Twenty years ago, my younger sibling committed suicide. He was twenty years old and no one could have predicted that once a happy-go-lucky young man would gradually deteriorate over a short period of time.
My brother didn’t reach out for help and he suffered in silence while the entire family kept hoping he'd revert back to his old self.
It was only after my brother’s death, that I learned I was genetically predisposed to manic or bipolar depression. When my father mentioned that other family members had suffered from this disease, I wondered why it took another death in the family to mention cousins who'd died or were heavily medicated.
My brother’s passing prompted me to seek answers. I went to the public library and retrieved books on suicide and mental illness. Instead of finding answers, I only felt overwhelmed by all of the terminology.
Coincidently I had an appointment with a doctor who helped clarify my confusion and because I was devastated by my brothers death, I remained stuck in stage four in the grieving process—depression.
My pain was so unbearable I even contemplated my own death. When the doctor offered antidepressants, I declined, not because of any stigma, but I envisioned myself in a vegetated state for the rest of my life. I was not going to be labeled with this disease and was determined to get to the root of my problems.
After a year of talk therapy, I abandoned my own treatment. However, nine years later I found myself back in the doctor’s office. I was going through a divorce and severely depressed.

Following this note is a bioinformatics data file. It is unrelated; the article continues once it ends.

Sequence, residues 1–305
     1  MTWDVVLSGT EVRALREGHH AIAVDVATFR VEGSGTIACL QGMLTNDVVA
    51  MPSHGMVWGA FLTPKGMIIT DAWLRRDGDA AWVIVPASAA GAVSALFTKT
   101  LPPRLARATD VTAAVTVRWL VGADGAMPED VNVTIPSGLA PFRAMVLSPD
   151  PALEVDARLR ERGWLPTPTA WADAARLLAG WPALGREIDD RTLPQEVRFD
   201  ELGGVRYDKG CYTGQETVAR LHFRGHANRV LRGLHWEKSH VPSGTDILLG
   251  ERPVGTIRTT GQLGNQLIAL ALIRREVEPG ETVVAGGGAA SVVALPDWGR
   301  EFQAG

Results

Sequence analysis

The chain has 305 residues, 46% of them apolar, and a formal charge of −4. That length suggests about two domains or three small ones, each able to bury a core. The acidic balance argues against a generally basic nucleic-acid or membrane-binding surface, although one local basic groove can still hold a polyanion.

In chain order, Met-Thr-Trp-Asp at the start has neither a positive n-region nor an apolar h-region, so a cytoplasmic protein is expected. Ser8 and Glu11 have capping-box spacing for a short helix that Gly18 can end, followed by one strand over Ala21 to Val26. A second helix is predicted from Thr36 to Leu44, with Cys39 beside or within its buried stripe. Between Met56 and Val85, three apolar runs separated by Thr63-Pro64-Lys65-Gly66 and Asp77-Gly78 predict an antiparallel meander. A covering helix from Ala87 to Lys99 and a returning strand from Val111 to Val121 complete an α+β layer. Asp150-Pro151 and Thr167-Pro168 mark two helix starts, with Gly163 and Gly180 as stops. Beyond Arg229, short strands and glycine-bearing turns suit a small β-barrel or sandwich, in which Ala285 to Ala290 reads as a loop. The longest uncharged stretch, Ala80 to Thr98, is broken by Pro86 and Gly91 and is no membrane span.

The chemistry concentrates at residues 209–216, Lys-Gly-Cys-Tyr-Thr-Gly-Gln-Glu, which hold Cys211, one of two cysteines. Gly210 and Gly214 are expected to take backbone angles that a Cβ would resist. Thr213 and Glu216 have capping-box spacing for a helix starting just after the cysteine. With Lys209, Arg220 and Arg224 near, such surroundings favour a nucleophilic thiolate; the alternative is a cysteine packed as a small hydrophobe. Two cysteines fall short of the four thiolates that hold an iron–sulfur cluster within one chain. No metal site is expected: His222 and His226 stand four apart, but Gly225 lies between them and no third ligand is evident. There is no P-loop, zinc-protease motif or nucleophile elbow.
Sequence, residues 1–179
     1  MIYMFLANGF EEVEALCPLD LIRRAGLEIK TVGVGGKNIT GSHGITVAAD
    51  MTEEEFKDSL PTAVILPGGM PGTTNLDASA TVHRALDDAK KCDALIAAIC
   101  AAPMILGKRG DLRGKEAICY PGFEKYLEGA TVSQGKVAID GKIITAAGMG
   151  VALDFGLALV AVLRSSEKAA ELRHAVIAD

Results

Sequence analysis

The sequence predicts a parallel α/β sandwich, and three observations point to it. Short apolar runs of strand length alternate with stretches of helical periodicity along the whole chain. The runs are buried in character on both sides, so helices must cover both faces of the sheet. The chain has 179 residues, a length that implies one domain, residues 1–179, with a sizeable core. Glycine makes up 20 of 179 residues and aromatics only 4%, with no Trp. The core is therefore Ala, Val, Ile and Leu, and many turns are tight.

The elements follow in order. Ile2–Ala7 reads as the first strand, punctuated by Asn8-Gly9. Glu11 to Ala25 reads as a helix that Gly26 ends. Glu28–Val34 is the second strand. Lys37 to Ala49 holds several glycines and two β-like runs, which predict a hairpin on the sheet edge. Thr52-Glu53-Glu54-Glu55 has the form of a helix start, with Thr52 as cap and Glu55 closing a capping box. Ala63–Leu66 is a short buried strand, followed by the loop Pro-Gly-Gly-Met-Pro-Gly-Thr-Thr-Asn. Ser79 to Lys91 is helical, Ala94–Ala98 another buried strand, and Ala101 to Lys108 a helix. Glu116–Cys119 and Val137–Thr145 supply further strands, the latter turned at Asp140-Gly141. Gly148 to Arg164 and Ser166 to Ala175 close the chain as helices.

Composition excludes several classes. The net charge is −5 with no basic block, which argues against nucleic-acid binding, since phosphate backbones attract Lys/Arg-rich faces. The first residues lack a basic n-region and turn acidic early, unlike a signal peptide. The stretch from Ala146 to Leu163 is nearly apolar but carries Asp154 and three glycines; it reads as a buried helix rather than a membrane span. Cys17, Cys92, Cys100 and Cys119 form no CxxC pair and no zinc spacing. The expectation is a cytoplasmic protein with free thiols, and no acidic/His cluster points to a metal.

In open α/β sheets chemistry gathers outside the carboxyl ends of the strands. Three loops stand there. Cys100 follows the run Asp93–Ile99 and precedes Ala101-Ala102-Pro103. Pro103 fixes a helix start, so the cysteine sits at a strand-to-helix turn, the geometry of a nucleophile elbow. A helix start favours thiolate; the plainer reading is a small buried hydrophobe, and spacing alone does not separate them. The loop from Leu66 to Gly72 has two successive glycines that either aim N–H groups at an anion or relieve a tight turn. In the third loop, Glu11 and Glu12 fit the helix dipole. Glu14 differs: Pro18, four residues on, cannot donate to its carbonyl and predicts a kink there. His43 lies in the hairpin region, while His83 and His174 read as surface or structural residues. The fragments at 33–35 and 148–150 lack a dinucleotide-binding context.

The doctor diagnosed me with bipolar tendencies and still, I stubbornly refused the antidepressants. Sadly, I had a difficult time coping with my life changes. I self-medicated by stuffing my emotions with binge eating, alcohol, and co-dependent relationships.
I was a walking contradiction and really thought I'd resolved my past. So I was unhappy and isolated myself to the point I contemplated suicide. I couldn’t deny that I needed HELP and I finally succumbed to the antidepressants.
But three days into my treatment, I began experiencing side effects: nausea, dizziness, insomnia, and dullness.
The doctor recommended that I increase my dosage and even verbalized my worst fear: I might be someone who will always be dependent on the antidepressants. I threw away $80 in medication and went on a mission to find an alternative treatment for my bipolar depression.
Once again, I returned to the public library and pored over books on holistic medicine. I adopted the Chinese philosophy that the mind-body-spirit is connected. I also met with a naturopath who helped me devise a plan to become whole. Here is some of what I've done to heal: